The Greatest Generation


By Julie Fraser, Wesley Homes Foundation Annual Giving Manager

“This generation of Americans has a rendezvous with destiny.”
~Franklin Delano Roosevelt

Touted Journalist and television anchorman, Tom Brokaw, described the group of Americans born in the 1920’s as The Greatest Generation. These boys and girls, men and women, would endure pivotal events in our nation’s history which would usher in a new era. A time in our collective history filled with great achievements – many fueled by sorrow, loss and dogged determination.

This is the tale of one man. His name is not important; rather, it is his story and the way his life continues to positively influence the community he calls home. It is his cyclical journey – the path from child to old man which is the heart of this tale. The focus is his life and the lives of seniors like him; their worthiness to be cared for with genuine gratitude & compassion.

He was born in the spring of 1924. A child of the depression abandoned by his parents and brought-up by his widowed grandmother. This boy realized at a very young age the importance of contributing to his household and one of his many odd jobs included leading the circus animals, which had arrived by train, to the big circus tent where they would later perform.

As this boy entered adolescence he joined numerous school civic clubs and after school and weekends worked retail. He participated in sports, met a girl and continued to contribute to his household’s income. He was a stand-out student, a good friend and valued employee. His grandmother was so proud of the young man he had become.

At the age of 18 he enlisted in the Army and once Boot Camp was over this young man was assigned to the European Theatre. He boarded a ship in the Port of New York and headed for Utah Beach in Normandy, France. D-Day had commenced and reinforcements were desperately needed – this was his first time on a ship, open water and the Atlantic Ocean.

If he were telling his story he would make certain to include that he was so sea-sick that he forced himself to eat oranges so when the dry heaves twisted him in knots there would be something in his belly.

This young man had never experienced waves and swells such as this and he thought surely this was the worst thing that would ever happen to him. He would soon find out different. He was about to join a comradery of like-minded souls like none he had ever experienced before. He was about to find out what “I have your back” really means.

In December of 1944 he joined allied forces to push German Soldiers back from the forest of the Ardennes in what is now known as the Battle of the Bulge. He witnessed atrocities and experienced bitter hardships beyond anything his mind could possibly comprehend. However, unlike many of his comrades, he lived to tell his stories. He lived to share with others why democracy and freedom are so very important to our lives.

Once stateside, he married his high school sweetheart and with the help of the G.I Bill entered law school. His first post-graduation position was with the FBI and his first assignment forced him to leave his grandmother, his young wife and to miss the birth of his first child a son who would be given his name.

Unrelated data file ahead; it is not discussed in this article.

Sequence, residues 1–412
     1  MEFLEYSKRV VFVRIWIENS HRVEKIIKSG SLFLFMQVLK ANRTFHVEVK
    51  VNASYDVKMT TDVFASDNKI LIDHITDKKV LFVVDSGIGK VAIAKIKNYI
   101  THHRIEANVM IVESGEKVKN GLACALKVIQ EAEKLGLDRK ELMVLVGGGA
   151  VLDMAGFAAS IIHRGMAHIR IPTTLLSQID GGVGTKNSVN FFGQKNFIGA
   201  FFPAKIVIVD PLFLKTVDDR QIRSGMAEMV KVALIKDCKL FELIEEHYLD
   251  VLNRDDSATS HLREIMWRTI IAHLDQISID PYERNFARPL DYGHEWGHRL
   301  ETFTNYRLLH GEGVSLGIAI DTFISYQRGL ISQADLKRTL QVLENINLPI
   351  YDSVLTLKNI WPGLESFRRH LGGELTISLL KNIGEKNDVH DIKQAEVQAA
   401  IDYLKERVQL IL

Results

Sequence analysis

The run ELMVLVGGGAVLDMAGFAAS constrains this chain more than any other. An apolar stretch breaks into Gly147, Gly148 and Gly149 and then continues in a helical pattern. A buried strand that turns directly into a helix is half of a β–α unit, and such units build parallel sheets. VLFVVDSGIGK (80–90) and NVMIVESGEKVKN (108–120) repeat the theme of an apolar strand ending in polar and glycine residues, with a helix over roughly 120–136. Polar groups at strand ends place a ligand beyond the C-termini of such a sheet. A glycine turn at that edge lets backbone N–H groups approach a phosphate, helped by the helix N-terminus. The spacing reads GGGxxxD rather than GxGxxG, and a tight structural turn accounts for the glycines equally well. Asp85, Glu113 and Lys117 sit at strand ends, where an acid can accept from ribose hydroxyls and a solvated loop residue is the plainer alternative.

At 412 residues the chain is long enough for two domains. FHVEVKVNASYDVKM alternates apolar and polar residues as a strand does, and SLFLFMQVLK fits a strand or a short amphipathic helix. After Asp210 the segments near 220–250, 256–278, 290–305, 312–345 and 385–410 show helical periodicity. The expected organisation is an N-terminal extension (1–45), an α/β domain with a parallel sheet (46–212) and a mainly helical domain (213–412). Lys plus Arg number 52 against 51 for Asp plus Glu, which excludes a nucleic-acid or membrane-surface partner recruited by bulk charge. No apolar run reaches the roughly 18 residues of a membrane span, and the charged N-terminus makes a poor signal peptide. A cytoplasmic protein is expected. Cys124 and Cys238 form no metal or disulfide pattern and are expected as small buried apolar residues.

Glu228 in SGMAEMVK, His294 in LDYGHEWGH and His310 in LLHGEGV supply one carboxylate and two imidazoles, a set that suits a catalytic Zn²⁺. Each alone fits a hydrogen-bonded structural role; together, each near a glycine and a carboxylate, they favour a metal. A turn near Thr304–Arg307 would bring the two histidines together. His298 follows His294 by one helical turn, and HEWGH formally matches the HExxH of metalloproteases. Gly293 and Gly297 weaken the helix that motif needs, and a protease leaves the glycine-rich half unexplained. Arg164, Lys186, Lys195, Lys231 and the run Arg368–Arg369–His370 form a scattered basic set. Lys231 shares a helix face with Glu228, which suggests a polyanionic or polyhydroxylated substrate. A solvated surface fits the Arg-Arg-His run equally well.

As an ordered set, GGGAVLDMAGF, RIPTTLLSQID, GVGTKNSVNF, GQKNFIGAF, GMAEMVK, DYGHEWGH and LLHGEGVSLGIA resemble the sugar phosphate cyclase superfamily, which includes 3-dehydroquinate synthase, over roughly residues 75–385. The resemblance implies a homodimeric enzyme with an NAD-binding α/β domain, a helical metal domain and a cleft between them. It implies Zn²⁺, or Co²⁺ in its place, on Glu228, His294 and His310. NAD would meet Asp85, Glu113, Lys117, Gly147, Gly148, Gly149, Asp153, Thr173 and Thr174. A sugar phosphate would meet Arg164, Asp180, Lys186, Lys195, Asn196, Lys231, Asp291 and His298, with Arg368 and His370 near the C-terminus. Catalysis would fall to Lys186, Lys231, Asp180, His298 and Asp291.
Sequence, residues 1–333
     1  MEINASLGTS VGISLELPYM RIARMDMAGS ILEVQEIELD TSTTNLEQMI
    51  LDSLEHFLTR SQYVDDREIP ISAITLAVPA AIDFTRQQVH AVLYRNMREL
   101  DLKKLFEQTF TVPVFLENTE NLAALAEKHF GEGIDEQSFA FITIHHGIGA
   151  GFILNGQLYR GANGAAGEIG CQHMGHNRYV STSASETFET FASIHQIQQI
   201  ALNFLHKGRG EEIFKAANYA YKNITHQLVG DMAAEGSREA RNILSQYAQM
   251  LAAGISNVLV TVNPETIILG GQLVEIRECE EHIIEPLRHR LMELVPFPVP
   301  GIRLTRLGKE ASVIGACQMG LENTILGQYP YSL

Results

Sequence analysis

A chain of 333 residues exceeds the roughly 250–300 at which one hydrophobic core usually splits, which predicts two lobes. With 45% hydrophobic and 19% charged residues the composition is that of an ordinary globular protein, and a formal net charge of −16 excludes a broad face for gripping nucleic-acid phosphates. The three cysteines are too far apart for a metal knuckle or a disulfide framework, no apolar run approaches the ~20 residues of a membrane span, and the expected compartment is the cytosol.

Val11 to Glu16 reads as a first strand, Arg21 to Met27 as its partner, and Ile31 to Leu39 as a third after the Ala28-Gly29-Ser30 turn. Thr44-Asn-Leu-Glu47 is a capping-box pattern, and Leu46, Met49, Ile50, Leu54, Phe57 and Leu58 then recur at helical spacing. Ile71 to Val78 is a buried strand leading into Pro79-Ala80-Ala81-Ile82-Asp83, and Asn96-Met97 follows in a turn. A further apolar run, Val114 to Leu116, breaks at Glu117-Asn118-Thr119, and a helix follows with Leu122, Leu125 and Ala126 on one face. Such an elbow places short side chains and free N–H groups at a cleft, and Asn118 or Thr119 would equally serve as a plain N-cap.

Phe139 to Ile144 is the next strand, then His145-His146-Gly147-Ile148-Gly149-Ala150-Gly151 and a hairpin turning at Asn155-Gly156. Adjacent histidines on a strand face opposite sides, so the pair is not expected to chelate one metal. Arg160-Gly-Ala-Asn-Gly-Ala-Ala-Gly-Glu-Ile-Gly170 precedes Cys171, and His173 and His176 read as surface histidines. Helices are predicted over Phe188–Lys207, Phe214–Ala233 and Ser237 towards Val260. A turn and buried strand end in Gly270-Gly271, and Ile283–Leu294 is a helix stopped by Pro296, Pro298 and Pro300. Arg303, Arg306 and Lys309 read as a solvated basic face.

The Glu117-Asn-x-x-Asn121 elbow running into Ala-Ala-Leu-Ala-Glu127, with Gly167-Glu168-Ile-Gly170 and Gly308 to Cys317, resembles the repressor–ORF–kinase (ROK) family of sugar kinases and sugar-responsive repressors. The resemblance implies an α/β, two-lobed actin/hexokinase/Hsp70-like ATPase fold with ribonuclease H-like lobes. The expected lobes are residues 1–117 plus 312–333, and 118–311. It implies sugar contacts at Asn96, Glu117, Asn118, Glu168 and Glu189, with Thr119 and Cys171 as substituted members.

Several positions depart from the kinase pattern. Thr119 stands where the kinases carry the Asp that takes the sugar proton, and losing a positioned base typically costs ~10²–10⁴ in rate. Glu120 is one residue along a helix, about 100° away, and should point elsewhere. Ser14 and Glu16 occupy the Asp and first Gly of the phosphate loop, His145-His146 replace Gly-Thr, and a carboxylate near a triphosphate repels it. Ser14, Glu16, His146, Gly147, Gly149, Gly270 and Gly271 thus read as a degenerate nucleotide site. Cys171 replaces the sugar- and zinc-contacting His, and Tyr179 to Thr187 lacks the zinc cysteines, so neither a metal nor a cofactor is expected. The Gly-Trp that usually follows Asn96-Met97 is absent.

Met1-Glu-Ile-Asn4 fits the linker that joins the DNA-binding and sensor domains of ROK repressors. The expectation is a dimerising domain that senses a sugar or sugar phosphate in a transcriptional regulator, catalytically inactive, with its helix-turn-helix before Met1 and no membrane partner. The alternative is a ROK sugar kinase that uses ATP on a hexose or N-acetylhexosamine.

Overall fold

This young man and his wife would go on to have two more children and make their home in a small town centrally located in the state they both loved -Washington. He was invited to join a law practice and eventually to become a partner. He retired as a District Court Judge and was the recipient of many lessons offered him by those in his courtroom. He gave to his community and it gave back two-fold.

His love for his family, education and small community drew him to collaborate with other civic minded leaders and together they created a town with an infrastructure to be proud of. School levies were passed, the Chamber of Commerce thrived, local theater was embraced and families went about the business of living a good life.

In life, events exist which create a level playing field
If we are fortunate enough – aging is one of these

This young man is now an old man – he is 93. He is still filled with hope and dreams for his community, his family and the business of living. He is frail and tends to forget things from time to time. He is a son, a grandson, a brother, an uncle, a husband and a father. This June, he and his wife will celebrate 70 years of marriage.

This man is worthy of every wonderful thing that can possibly come his way. He and his peers are the touchstones of their culture – the courageous warriors of their youth and the sage warriors of our here and now. We are the benefactors of their greatness and it is our duty to provide. To make certain we demonstrate our intrinsic value for seniors no matter the generation they evolve from.

This old man no longer stands as tall as he once did. He is not cuddly like an orphaned puppy. He is not shiny and new. He is, however, rich with stories of giving back. He is at times infirm and invisible. He is stalwart and dignified. He is The Greatest Generation. A generation worthy of our support.

“The tragedy of old age is not that one is old, but that one is young.”
~Oscar Wilde

This man is representative of the wonderful residents who call Wesley Homes their home. They are the very people who continue the noble virtue of contributing to make their community strong and support one another through life’s ups and downs.

Wesley Homes Foundation invites you to make a difference in the lives of this great generation by making a contribution; the same way this generation gave and continues to give. It was and remains their honor and with your gift you have the power to say – thank you and join them in supporting others in need!